On Wednesday, Cincinnati Mayor John Cranley said the officers dispatched to locate a teen stuck in a van will likely face accountability after the boy died while trapped under the vehicle’s seating.
“We’ll see what the report says, but if I had to guess, I would say that there’s going to be blame assigned both to the police and to the 911 center,” Cranley said, according to The Enquirer. “I think the police will be held accountable, and I agree that’s it’s disturbing they didn’t get out of their car. That will be addressed.”
According to their body camera video, the officers sent to help 16-year-old Kyle Plush as he suffocated in his van drove straight past him — and never got out of their own car to search.
We recreated their route to show where they missed him. pic.twitter.com/8xNYkWxbZ2
— WCPO (@WCPO) April 20, 2018
Police body cam footage on the day of the incident showed that the two responding officers, Edsel Osborne and Brian Brazile, did not get out of their cruiser as they circled the parking lot of the Seven Hills School at 5400 Red Bank in Hamilton County. After a few minutes of driving around the parking lot, one of the officers said, “I don’t see nobody, which I didn’t imagine I would,” before shutting off his body cam.
Further, although the Seven Hills School has three parking lots, the officers reportedly only searched the main parking lot before leaving.
As of now, both officers have not been placed on administrative leave. According to Cranley, additional details, including why the 911 operator who took Kyle’s second was placed on leave while the officers were not, are expected to be presented in within a week or so after detectives wrap up the investigation.
“I’m not an employment lawyer,” Cranley said when why the officers were not put on administrative leave. “I’m not trying to avoid the question. I’m just saying there are legal implications to your question that I’m unqualified to answer.”
Kyle Plush: What We Know
As CrimeOnline previously reported, 16-year-old Kyle Jacob Plush called 911 on the afternoon of April 10 and panicked as he explained that he was locked inside a 2004 Honda Odyssey minivan in the parking lot of Seven Hills School at 5400 Red Bank in Hamilton County. He indicated he didn’t have much time to live.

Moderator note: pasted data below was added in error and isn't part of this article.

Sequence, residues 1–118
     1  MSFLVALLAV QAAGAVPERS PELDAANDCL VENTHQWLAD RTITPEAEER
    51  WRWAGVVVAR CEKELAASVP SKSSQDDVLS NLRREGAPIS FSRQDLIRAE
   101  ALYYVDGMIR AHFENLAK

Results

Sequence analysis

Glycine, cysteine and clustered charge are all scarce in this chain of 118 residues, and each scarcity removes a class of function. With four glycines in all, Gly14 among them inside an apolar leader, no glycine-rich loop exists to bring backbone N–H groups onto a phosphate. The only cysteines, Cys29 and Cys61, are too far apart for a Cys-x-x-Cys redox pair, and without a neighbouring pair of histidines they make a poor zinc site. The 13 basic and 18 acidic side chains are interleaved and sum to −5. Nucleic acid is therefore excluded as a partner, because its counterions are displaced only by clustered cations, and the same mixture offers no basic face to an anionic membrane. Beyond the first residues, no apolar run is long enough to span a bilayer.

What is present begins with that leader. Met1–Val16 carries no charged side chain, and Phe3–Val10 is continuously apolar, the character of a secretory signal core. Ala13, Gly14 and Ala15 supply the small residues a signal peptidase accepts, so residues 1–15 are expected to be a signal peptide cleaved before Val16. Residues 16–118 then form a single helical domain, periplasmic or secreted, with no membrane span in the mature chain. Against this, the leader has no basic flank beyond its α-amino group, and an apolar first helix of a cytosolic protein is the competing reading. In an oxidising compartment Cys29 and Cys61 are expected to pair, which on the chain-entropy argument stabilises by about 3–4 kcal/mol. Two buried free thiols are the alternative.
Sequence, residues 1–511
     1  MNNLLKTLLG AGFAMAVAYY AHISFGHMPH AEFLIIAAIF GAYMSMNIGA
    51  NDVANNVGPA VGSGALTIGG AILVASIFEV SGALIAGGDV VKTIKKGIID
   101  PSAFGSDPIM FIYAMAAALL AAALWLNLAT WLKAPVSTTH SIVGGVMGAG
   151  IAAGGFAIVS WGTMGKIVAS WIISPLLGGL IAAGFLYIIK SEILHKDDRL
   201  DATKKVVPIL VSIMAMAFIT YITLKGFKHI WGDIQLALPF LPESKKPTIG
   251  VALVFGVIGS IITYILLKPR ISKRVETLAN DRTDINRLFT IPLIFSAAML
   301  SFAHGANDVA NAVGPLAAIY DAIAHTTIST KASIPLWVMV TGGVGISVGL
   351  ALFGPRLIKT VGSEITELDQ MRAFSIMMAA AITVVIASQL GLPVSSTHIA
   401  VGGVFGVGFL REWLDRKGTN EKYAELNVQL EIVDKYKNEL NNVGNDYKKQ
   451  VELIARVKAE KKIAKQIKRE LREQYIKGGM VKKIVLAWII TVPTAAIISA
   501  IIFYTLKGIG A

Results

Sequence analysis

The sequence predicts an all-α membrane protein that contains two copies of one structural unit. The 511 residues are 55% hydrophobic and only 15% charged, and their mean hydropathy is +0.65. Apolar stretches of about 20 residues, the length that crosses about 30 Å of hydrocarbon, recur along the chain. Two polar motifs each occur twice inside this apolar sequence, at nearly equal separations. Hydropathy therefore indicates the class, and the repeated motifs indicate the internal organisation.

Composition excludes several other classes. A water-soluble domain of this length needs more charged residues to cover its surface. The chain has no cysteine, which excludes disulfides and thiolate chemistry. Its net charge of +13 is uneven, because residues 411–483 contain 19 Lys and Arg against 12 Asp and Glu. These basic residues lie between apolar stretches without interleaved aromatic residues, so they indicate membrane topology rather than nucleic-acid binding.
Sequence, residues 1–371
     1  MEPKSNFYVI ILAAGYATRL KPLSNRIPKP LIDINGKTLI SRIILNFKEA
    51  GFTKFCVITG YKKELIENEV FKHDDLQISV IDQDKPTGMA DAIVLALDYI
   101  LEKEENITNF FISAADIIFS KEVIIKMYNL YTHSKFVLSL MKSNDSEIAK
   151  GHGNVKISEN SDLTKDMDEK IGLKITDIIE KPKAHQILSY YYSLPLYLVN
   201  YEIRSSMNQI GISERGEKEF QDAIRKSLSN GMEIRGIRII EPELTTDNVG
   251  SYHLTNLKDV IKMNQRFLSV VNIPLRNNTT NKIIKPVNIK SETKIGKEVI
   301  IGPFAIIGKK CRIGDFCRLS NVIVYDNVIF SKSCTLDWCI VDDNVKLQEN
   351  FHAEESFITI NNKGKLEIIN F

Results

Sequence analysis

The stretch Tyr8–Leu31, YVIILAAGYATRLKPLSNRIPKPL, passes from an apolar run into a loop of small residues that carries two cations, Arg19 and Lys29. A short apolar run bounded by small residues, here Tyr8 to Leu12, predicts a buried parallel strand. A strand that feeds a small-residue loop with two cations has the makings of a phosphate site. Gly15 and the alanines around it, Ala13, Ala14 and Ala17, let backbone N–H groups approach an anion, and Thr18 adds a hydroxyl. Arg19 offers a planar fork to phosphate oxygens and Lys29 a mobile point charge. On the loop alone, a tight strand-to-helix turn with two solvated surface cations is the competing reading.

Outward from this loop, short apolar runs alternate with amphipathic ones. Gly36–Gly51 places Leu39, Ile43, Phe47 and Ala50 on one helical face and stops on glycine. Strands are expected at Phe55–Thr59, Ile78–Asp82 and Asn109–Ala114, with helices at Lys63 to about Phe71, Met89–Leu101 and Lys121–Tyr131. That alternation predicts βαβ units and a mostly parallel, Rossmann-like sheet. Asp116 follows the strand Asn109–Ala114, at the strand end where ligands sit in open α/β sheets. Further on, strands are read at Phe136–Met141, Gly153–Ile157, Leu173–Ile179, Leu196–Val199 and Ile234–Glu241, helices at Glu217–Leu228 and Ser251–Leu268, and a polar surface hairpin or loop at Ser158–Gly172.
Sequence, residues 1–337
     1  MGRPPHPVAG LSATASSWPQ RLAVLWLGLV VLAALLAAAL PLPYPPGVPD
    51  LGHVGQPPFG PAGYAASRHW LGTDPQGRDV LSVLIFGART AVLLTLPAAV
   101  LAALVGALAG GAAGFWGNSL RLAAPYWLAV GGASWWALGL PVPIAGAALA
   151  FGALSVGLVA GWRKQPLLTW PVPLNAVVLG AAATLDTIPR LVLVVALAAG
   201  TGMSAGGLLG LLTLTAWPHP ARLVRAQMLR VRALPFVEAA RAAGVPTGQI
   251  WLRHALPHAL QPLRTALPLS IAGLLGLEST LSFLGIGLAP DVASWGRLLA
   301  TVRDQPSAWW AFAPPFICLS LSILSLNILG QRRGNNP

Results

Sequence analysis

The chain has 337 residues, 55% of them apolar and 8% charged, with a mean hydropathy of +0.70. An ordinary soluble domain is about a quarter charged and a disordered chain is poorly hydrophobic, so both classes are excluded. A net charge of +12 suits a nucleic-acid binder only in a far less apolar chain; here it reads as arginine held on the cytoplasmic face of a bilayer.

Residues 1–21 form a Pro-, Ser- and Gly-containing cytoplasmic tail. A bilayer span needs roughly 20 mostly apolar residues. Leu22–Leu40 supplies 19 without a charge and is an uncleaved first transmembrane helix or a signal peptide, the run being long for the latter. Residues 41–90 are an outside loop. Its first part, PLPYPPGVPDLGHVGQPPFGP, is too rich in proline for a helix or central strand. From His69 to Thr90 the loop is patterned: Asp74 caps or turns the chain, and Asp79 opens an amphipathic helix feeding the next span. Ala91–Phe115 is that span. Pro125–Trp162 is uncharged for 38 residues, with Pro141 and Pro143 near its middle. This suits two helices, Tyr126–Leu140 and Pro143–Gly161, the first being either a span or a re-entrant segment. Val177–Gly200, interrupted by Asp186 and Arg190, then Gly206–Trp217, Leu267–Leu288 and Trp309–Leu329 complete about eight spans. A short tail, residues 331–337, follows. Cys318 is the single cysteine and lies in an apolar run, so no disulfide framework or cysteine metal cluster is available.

“This is not a joke,” he said. “I am trapped inside a gold Honda Odyssey van in the parking lot of Seven Hills. … Send officers immediately. I’m almost dead.”
An officer responded to the scene and claimed he couldn’t find anyone trapped inside a van. According to ABC, the officer reportedly began arguing with a woman nearby and questioned if the call was a prank. The officer left but Kyle called 911 again, explaining that he was indeed in the van and he wasn’t making a fake call.
According to the Cincinnati Enquirer, sources indicated that Kyle, who played on the school’s tennis team, attempted to grab tennis gear from the back of the van while putting his knee on the third row seating area. The third row bench seat flipped backward, collapsed on him, and trapped him. The weight of the seat flipped Kyle upside down with his head facing the rear of the van.
Kyle couldn’t reach his phone, so he voice-activated “Siri” on his iPhone. After help failed to arrive after the first call, Kyle called 911 again and conveyed that he thought he didn’t have much time to live and wanted to make sure his mother knew he loved her.
"He will swallow up death forever… the Lord God will wipe away the tears from all faces."
Rest in Peace, Kyle – and thank you for the joy you brought to so many.
The Plush Family is a model of grace and courage, including the bravest Eulogy I have ever witnessed. pic.twitter.com/11BVWVUQaG
— P.G. Sittenfeld (@PGSittenfeld) April 16, 2018
“I probably don’t have much time left, so tell my mom I love her if I die.”
According to Hamilton County Coroner Lakshmi Sammarco, Kyle couldn’t breathe while trapped under the seat and in turn, died from “asphyxia by chest compression.” The teen’s father found him at around 9 p.m., hours after he called 911 for help. Earlier that evening, the boy’s mother called 911 for help when Kyle failed to return home.
“My son never came home from school,” Kyle’s mother said to a 911 dispatcher. “We thought he was at a tennis match. And he never came home from school…We don’t know where he is.”
While investigating the incident, authorities learned that the 911 operator who took Kyle’s second call failed to get the make, model, and color of his van. An officer was reportedly told to go to the Seven Hills School parking lot, but the van was parked in the overflow parking lot, located directly across the street from the school’s main parking lot. The confusion apparently caused the responding officer’s failure to locate the vehicle.
The 911 operator was identified as Amber Smith, a woman who has worked with Cincinnati’s 911/ECC since 2014. Smith was put on administrative leave while authorities continue to investigate the incident.
Kyle had spinal developmental issues, along with other medical problems, according to WHIO. However, friends and family said that he never let his disabilities keep him down. He loved sports and enjoyed being a part of the Seven Hills School’s tennis team. His former principal at Mercy Montessori, Patty Normille, said that while attending the school from kindergarten to sixth grade, Kyle loved science, showed great empathy for others, and was a “small guy with a big personality.”
The story continues to develop. Check back with CrimeOnline as additional details become available.
[Feature Photo: Kyle Plush/Handout]